Peterborough city council has apologised for offending residents after thousands of stickers reading “waster” were put on bins as part of a recycling campaign. Dozens of households said they were insulted by the stickers depicting a red sad-face emoji on their black wheelie bins. The company behind the scheme also apologised after it emerged the…
Peterborough city council has apologised for offending residents after thousands of stickers reading “waster” were put on bins as part of a recycling campaign.
Dozens of households said they were insulted by the stickers depicting a red sad-face emoji on their black wheelie bins.
The company behind the scheme also apologised after it emerged the labels were not recyclable.
Bins in the Orton Malborne and Sugar Way areas are part of a trial of 7,000 homes where waste recycling levels will be monitored over six months, with the stickers intended “to help communities think twice about what they could recycle”.
Positive green stickers, which feature a smiling emoji and the word “recycler”, are due to be sent out next week, as part of a campaign by the Waste and Resources Action Programme (Wrap), which is supported by the local council.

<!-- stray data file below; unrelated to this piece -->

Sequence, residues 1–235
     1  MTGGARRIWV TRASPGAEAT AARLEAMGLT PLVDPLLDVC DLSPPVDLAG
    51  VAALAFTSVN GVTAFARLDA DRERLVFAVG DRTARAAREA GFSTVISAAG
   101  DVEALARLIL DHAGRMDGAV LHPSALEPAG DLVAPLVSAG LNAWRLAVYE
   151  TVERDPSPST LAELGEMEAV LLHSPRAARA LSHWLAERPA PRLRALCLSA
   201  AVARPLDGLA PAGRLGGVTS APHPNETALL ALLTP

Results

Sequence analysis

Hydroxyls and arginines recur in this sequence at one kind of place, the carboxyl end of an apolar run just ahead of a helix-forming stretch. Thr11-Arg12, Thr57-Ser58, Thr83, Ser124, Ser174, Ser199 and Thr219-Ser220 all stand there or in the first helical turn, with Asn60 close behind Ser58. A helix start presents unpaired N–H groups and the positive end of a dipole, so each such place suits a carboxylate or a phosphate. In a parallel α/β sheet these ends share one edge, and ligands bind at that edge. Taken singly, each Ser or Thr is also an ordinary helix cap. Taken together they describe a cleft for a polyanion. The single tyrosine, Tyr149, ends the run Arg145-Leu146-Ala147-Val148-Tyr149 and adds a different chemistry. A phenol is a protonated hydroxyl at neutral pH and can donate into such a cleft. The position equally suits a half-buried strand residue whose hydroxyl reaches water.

One person wrote on Twitter: “@WRAP_UK @PeterboroughCC when will you be arranging for the removal of the wasteful and hugely offensive ‘waster’ stickers from bins?”
Another said: “@WRAP_UK thanks for my ‘waster’ sticker plonked on my bin this morning! The whole street has one. Is the sticker recyclable? As an avid recycler I’m miffed!”
More conventional images of a recycling heart and rubbish truck will also be tested in the Castor, Ailsworth and Hampton areas of Peterborough.
In a statement on Facebook, Peterborough city council said: “We apologise to residents for any offence the emoji bin sticker may have caused – and we appreciate we should have communicated better with residents and local councillors.”
A spokesman for Wrap, which manages the Recycle Now campaign in England, added: “Most people in Peterborough recycle; however there are still improvements that can be made to ensure that all recyclable items are collected. The trial is testing methods which will help residents to remember to put the right things in the right bins.
“It was intended that a green ‘recycle’ sticker with a happy face emoji would be stuck on recycling bins, and the following week a red unhappy ‘waster’ emoji would be stuck on residual waste bins as a reminder to recycle.
“Recycle Now has learnt that there was an operational issue which meant that the stickers went out in the wrong order, and that residents were delivered the red ‘waster’ sticker in the first instance. We understand how this may cause confusion and offence for residents and apologise for this.”